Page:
Azure spending notifications are offline, customers warned of potential price spikes

Azure spending notifications are offline, customers warned of potential price spikes

Tracking for Azure Savings Plans, Microsoft's discount scheme for customers with consistent usage rates, will be offline until mid-March

Published on 2nd February 2023

Tracking and notifications for Azure Savings Plans, Microsoft’s discount scheme for customers with consistent usage rates, are offline due to a technical failure and are not expected to be restored until the middle of March.

In an announcement dated 1st February on its Partner Center website, the cloud giant warns partners that Azure spending notifications are temporarily unavailable for Azure Savings Plans.

“If you bought Azure Savings Plans for your customers, even though you set budgets for their customers, you temporarily can’t get Azure spending notifications,” the advisory says.

“That means you won’t know how much your customers spend on Azure in real time. Instead, you’ll have to keep track of how and how much your customers use Azure resources.”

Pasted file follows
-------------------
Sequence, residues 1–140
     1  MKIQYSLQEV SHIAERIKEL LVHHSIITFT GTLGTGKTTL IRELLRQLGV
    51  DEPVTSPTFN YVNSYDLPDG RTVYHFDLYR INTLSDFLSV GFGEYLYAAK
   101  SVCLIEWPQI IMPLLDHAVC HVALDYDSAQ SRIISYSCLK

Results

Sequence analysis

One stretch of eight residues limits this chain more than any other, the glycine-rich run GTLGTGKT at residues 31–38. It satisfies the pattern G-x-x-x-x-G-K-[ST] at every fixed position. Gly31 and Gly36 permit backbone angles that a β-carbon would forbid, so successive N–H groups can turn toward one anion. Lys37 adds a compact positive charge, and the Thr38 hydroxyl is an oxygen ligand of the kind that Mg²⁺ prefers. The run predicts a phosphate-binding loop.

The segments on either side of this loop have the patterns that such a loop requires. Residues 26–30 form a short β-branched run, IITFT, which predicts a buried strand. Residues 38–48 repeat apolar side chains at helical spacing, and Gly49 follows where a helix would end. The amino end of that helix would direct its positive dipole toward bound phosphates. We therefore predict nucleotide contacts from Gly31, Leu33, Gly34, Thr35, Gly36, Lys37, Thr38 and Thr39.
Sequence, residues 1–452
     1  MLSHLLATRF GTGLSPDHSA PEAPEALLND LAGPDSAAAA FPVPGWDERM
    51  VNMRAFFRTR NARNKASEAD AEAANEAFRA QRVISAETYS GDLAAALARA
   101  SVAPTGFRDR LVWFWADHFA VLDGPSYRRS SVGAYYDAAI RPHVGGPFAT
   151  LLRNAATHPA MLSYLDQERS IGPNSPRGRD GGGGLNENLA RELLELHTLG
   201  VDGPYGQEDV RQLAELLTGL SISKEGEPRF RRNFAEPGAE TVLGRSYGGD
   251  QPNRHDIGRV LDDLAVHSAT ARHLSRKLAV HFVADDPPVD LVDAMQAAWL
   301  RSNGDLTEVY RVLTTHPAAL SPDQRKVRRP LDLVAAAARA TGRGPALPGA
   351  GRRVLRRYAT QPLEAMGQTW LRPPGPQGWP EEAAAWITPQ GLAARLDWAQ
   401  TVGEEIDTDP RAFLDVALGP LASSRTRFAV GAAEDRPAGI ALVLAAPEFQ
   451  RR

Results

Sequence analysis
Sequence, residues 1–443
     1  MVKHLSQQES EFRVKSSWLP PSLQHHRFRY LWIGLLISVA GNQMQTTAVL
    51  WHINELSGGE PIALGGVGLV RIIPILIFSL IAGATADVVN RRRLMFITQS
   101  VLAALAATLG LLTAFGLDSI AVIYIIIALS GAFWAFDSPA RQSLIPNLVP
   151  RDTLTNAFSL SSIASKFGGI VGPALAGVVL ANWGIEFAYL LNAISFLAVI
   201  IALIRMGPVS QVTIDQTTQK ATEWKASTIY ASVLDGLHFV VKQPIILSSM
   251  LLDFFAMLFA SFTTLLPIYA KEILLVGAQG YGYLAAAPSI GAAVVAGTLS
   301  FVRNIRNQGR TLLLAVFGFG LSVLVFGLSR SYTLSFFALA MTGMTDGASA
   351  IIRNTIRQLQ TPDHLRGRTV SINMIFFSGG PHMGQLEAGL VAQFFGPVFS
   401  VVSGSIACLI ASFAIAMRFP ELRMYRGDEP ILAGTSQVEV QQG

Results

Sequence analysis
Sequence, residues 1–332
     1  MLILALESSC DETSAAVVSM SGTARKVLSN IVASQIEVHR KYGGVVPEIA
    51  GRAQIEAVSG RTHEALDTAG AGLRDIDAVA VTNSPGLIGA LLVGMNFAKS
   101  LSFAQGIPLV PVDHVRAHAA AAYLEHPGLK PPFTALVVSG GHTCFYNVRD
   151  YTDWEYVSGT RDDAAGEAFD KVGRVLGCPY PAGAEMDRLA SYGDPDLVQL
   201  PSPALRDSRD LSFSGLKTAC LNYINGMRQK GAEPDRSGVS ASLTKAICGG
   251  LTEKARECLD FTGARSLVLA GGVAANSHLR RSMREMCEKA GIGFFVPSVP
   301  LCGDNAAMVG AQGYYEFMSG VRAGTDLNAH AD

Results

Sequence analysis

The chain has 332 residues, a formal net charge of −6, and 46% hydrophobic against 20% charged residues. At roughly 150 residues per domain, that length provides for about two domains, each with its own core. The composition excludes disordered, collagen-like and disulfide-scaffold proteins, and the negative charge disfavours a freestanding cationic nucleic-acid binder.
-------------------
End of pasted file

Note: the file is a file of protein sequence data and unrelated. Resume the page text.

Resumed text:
Azure Savings Plans can reduce prices by up to 65% over pay-as-you-go rates if customers commit to a fixed hourly spend over a period of one or three years. The scheme is metered, and should a user exceed the contacted usage, prices immediately revert to the pay-as-you-go rate.

Users can purchase the scheme directly via the Azure portal, but if is often administered by Microsoft partners, resellers that manage Azure cloud resources for their end customers. These partners will now need to monitor usage manually, Microsoft says.

Commenting on the announcement, Mark Boost, CEO of cloud-native service provider Civo, said customers can easily find themselves locked into such discount deals, and should be wary of incurring additional costs while monitoring facilities are unavailable.

“The rising cost of cloud is a huge issue for many organisations, especially with the current economic difficulties sweeping the country,” Boost said.

“Solutions from hyperscalers have centred upon only offering materially lower prices if you lock into one to three-year contracts, that are hard to leave, with the promise of lowering your bill provided you remain within a fixed limit of compute. What we’ve seen, however, is providers failing to properly inform you that you’ve overrun your monthly spend and ramping up your bills without your knowledge.

“The incentive of easy-to-use solutions, that are in fact complicated and unreliable, is luring people into a false sense of security and relying on hyperscaler providers as opposed to looking elsewhere.”

Despite the risks of overreliance on one cloud provider, many organisations find it too arduous and/or too expensive to diversify, new Computing research has found.


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